Indian readers are not believing the rankings given to their cities. Pritish Nandy, the well known Indian poet, painter, journalist, and media and TV personality had commented in a Blog: ‘Mumbai, cheapest city? Now that’s a joke if I ever heard one’. Another comment from a blogger was: ‘Where was the survey ever conducted?’
The misunderstanding of the EIU survey appears to be stemming reports sent in by agencies and published in newspapers not giving the basis of the survey.
The Indian blog First Post gives the basis on which the survey was conducted.
It says ‘The Index measures the cost of expatriate lifestyles in over 131 cities using weighted average prices of 160 products and services.’
It explains: The worldwide Cost of living Index survey enables human resource line managers and expatriate executives to compare the cost of living in 140 cities in 93 countries and calculate fair compensation policies for relocating employees.
So as much as the state media analysts try to project that the index of the EIU also reflects the cost of living of ordinary citizens of South Asia, it isn’t so.
Colombo may be the seventh cheapest city in the world for gallivanting foreign executives but it is not so for the Colombians (as some Hultsdorp Black coats describe us inhabitants) who earn Third World salaries of $10 to $ 15 per day and have to spend much more!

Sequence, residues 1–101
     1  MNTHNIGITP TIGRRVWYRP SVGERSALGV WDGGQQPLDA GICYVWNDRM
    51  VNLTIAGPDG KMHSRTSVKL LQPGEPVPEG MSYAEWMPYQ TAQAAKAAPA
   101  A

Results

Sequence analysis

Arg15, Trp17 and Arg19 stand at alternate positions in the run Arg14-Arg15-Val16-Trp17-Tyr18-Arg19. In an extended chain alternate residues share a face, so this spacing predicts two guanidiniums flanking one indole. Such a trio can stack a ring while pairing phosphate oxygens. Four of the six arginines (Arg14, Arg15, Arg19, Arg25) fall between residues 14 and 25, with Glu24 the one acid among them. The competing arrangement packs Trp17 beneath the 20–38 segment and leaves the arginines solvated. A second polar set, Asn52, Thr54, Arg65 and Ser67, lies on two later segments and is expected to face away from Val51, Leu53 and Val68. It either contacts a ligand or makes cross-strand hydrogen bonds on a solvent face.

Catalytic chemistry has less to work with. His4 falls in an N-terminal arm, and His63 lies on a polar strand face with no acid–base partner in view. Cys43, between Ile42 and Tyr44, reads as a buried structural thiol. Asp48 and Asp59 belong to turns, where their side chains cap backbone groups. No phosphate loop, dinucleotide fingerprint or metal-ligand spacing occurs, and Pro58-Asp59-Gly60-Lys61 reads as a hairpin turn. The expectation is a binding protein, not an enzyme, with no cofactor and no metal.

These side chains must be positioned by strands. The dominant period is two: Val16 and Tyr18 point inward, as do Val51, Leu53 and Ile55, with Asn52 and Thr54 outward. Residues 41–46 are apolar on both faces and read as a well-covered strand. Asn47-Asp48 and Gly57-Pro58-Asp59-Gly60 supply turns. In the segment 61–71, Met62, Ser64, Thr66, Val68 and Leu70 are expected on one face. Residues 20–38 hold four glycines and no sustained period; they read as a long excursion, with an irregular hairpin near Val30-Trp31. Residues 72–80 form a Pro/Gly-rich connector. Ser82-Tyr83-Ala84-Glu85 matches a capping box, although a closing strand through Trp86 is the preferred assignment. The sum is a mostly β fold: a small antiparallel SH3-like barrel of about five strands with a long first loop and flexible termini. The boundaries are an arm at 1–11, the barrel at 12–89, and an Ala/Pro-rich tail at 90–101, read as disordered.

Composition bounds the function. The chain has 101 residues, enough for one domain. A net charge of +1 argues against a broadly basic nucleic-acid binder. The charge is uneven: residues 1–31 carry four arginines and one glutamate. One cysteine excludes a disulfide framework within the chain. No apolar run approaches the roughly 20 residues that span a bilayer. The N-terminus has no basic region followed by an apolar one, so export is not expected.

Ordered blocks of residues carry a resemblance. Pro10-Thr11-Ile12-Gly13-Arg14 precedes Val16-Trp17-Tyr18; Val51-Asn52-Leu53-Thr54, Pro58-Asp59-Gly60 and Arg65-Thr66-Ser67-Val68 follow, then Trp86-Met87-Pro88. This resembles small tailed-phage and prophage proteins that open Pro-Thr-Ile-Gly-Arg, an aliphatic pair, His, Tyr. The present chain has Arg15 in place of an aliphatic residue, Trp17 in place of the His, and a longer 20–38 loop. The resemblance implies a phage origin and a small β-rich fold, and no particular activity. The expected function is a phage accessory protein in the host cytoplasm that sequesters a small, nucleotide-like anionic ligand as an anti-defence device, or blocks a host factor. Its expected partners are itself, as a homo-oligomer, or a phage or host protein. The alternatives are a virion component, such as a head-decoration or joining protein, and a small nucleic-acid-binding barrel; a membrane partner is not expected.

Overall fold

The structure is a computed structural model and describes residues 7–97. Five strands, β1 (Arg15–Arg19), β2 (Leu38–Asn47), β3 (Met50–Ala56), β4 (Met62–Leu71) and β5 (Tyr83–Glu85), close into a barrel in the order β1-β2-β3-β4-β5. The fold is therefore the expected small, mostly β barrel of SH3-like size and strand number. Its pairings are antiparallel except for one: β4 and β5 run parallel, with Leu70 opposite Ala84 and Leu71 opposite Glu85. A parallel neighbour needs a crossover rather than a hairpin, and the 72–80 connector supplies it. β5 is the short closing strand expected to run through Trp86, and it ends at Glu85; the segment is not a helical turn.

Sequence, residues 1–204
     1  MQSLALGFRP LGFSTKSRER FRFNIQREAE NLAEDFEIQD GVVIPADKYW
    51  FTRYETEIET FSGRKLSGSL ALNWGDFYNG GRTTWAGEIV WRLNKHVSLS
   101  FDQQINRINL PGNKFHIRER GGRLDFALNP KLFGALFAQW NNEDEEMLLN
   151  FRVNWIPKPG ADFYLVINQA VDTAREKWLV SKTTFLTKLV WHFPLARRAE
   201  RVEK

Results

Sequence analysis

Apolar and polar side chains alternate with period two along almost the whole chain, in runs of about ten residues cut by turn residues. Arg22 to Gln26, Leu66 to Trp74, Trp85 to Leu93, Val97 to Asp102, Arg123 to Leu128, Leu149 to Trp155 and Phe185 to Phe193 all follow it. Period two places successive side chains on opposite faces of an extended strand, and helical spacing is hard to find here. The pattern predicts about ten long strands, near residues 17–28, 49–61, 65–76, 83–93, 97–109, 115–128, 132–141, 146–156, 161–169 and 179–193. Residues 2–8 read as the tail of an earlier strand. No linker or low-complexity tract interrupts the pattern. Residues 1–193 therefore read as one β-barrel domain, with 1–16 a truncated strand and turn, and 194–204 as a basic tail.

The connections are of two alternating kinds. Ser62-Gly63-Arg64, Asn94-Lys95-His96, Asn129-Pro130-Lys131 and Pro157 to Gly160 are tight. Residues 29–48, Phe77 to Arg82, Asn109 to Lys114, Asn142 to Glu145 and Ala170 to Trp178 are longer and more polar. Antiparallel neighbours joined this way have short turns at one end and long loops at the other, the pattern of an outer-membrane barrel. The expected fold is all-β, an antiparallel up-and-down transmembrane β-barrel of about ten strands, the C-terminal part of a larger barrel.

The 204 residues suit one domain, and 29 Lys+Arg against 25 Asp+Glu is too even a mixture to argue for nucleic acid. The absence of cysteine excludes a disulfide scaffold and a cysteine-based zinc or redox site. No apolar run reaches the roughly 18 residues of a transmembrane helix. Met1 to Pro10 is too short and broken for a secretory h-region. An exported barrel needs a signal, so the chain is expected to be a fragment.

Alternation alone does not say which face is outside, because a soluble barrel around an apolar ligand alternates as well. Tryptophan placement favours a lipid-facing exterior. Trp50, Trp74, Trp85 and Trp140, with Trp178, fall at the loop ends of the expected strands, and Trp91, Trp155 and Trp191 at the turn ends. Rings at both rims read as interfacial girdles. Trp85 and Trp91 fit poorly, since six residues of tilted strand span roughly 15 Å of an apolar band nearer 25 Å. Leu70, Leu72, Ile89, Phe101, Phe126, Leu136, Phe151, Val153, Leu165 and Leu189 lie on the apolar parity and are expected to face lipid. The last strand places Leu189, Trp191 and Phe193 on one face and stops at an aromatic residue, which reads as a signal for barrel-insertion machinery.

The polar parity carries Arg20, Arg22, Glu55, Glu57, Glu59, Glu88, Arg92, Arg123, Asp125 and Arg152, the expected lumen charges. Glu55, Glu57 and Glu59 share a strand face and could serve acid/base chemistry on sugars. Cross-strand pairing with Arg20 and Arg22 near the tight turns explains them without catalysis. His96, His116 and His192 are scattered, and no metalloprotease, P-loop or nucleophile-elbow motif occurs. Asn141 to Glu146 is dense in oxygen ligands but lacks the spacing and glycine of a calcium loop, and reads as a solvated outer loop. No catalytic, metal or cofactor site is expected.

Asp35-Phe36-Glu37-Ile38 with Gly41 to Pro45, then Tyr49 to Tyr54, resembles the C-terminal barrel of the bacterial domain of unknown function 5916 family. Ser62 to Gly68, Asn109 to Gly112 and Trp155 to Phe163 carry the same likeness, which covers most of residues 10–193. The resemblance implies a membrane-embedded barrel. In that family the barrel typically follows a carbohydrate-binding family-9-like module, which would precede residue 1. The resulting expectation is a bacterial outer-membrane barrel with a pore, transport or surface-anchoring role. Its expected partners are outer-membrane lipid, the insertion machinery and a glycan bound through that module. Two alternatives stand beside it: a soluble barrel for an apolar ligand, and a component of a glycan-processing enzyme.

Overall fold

We confess that we are not economists of the calibre of those from The Economist or the Sri Lankan state media. So can genuine economists (not from the Central Bank) please help?

A World Class

For the benefit of researchers EIU as well as those in the Sri Lankan state media we suggest the study of lifestyles of a certain category Sri Lankans. We reproduce some basic facts in brief.
Official income between $(US) 600 to 800 per month . Unofficial income $620,000 or more (tax free). Free lodging in the best areas of Colombo in palatial bungalows. Contingent of body guards armed to the hilt provided with vehicles. Frequent foreign jaunts with First Class travel for wife (and family) if required. Free lodging expenses paid in hotels – five stars and above. Free luxury vehicles – Mercedes, BMW, Volvos and now Rolls Royce (for a selected few). Free fuel, telephone facilities including IDD. Free education for children in the best of Colombo schools. May send them abroad at private expense. No objection to sponsorship by well wishers. Can hob-nob with world leaders. Any more perks if requested will be provided.
Can the life styles of those living in the best cities of the world like Tokyo, Osaka, Sydney, Oslo, New York, London and Paris match this category? Publication of the lifestyles of these ladies and gentlemen will lead to an influx of Direct Foreign Investment.

1 Comment for “Colombo, Seventh Least Expensive City In The World?”

  1. Living the dream in the west

    SL is cheap because the economy is rubbish. With dirty streets, pot holes and beggars, no wonder tourists are staying away from SL.